Regarding your TARDIS: Did you attach the floats to the back of the fabric all at the same place? That would definately create unplesant folds. In case of long floats change the place you tie them in the back on every row. But in this case there are long vertical color changes and I’m afraid there’s no way to avoid folds beside the windows and doors and stuff. I think it’s better to frog the standed knit and do it in intarsia like it was meant to be. Stranded knitting doesn’t work well with this type od colorwork. But don’t worry. Make a lot of mistake, becaus That’s how we learn. 🙂

    I proudly knit in public. I used to do it more often. I knitting during lectures and breaks at my University, but I no longer have lectures. 😦

    I recommend adding pink ribbon on to your fingerless mitts afterwords with
    duplicate stitches. It easy and you learn to darn at the same time!

    A knitter and Jane Austen fan from Finland

    PS: I’ll listen your second episode later today ad I heard about you on iMake podcast.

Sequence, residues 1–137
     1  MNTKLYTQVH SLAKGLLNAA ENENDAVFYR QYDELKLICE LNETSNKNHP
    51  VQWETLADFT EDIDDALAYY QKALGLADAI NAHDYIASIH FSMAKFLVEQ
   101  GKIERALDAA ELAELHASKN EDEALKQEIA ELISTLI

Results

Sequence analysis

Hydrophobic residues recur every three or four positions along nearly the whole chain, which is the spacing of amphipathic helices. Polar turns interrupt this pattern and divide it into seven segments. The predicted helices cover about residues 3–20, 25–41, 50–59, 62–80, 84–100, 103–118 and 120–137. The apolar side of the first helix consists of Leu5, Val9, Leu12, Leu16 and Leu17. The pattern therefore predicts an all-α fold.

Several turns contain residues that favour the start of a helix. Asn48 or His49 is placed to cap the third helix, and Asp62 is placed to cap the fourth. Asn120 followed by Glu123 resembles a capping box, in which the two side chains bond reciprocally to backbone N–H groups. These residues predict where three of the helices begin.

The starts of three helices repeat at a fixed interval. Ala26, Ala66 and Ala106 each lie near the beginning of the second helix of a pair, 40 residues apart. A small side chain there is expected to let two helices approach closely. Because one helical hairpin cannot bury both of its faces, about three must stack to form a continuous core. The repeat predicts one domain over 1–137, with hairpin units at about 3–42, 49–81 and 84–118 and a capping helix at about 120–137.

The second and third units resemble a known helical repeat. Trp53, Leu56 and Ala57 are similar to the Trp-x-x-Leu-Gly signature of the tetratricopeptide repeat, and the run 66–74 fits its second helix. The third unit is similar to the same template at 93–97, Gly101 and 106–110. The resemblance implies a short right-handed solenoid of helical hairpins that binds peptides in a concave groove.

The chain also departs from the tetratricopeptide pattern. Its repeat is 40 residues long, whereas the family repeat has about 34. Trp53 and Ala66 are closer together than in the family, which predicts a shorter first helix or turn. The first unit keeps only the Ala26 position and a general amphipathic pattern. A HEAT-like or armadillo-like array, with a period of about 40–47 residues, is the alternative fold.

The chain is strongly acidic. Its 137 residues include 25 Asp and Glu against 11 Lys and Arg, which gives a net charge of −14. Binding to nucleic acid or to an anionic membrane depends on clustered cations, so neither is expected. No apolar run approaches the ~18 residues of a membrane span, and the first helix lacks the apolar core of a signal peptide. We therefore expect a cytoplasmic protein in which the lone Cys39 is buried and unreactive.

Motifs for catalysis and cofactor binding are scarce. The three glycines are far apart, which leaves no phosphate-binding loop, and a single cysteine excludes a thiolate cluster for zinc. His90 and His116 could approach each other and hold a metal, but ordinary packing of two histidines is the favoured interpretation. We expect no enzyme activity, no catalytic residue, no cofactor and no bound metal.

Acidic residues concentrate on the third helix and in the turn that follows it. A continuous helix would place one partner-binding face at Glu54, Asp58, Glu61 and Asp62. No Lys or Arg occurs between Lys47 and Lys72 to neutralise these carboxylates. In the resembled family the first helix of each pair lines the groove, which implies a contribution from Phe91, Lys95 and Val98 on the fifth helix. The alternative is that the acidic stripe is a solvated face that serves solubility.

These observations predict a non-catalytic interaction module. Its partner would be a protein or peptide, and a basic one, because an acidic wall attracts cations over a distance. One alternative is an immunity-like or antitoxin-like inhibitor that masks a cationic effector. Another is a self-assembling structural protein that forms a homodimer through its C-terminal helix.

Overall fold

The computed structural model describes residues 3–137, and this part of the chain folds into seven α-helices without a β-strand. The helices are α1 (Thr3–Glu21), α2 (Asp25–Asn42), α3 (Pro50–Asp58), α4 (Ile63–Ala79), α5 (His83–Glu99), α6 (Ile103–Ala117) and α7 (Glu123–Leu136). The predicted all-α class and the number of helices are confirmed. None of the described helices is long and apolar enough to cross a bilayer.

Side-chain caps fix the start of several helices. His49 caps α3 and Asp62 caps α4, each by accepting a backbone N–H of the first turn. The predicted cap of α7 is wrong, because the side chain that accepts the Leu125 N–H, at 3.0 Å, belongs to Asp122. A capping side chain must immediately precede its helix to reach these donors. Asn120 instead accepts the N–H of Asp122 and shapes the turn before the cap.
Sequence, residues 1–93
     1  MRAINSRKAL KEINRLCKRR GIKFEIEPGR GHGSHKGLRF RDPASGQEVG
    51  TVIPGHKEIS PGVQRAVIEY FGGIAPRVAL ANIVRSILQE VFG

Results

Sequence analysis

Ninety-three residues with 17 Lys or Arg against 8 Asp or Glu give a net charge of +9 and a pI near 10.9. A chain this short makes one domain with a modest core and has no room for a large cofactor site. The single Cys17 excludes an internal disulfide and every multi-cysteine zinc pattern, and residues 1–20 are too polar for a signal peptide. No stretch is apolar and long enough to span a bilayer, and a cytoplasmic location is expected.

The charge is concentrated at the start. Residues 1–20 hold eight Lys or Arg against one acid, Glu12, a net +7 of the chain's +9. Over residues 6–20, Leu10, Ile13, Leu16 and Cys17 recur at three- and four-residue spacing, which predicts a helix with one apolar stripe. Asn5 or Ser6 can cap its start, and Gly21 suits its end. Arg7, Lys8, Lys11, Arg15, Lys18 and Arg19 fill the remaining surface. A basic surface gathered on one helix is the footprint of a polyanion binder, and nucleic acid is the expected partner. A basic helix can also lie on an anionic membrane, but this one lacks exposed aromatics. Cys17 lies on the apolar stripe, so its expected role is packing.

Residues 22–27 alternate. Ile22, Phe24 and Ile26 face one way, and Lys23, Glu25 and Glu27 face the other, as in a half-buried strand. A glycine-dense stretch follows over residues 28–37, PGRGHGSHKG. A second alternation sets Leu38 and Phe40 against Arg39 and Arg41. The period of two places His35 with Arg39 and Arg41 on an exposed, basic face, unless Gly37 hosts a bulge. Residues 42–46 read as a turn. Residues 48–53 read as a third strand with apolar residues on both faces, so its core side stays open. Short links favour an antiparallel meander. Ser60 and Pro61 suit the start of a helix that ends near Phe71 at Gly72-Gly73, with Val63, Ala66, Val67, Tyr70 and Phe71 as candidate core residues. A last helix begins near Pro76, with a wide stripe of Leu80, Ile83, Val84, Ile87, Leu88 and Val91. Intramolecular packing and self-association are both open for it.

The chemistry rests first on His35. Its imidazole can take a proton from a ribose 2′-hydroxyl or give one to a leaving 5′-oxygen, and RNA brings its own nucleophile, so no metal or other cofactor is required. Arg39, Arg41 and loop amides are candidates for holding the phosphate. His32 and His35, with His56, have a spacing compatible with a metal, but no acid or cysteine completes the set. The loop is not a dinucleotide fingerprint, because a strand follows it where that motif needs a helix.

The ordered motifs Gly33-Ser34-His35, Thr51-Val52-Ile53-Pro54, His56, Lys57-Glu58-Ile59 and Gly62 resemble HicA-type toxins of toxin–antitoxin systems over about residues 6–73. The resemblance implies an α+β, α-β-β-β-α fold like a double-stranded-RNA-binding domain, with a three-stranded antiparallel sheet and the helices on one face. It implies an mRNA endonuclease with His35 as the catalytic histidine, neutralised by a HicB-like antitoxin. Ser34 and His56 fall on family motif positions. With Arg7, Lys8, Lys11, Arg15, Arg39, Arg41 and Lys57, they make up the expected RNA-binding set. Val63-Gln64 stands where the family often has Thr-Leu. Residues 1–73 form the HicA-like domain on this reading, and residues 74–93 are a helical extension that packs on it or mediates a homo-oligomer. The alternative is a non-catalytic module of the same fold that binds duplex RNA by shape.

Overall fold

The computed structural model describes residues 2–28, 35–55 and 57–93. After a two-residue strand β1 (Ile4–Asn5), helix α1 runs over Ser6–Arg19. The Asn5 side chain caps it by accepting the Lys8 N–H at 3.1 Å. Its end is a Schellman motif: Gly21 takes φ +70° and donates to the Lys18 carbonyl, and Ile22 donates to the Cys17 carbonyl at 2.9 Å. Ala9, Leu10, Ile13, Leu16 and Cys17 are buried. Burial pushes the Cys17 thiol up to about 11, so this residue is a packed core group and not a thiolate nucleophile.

• Hello Satu! Thank you so much for your direction regarding the Tardis – you are the first person to address it. 🙂 Yes, the floats were all tacked at the same point in the pattern, and I think you have advised me well to frog it. I will definitely do that when I eventually resurrect it from the UFO pile.
      The pink ribbons that I’m currently working into the fingerless mitts are cabled, but I do think that a nice duplicate stitch would be great for some of the other pink-ribboned ideas I have in my que. Duplicate stitch is a technique I have not yet had the opportunity to try, but it is right at the top of my list of new techniques to learn.

  6. Susan said,

    Why wouldn’t I knit in public? I really don’t care what strangers think about my knitting, in fact most of the reactions have been positive. I am NOT of the age where people think I’m too young but I really don’t care and have never cared if others don’t like it. I do not knit in church but that is personal preference not because of others. Get over caring and you will enjoy knitting even more. Happy knitting!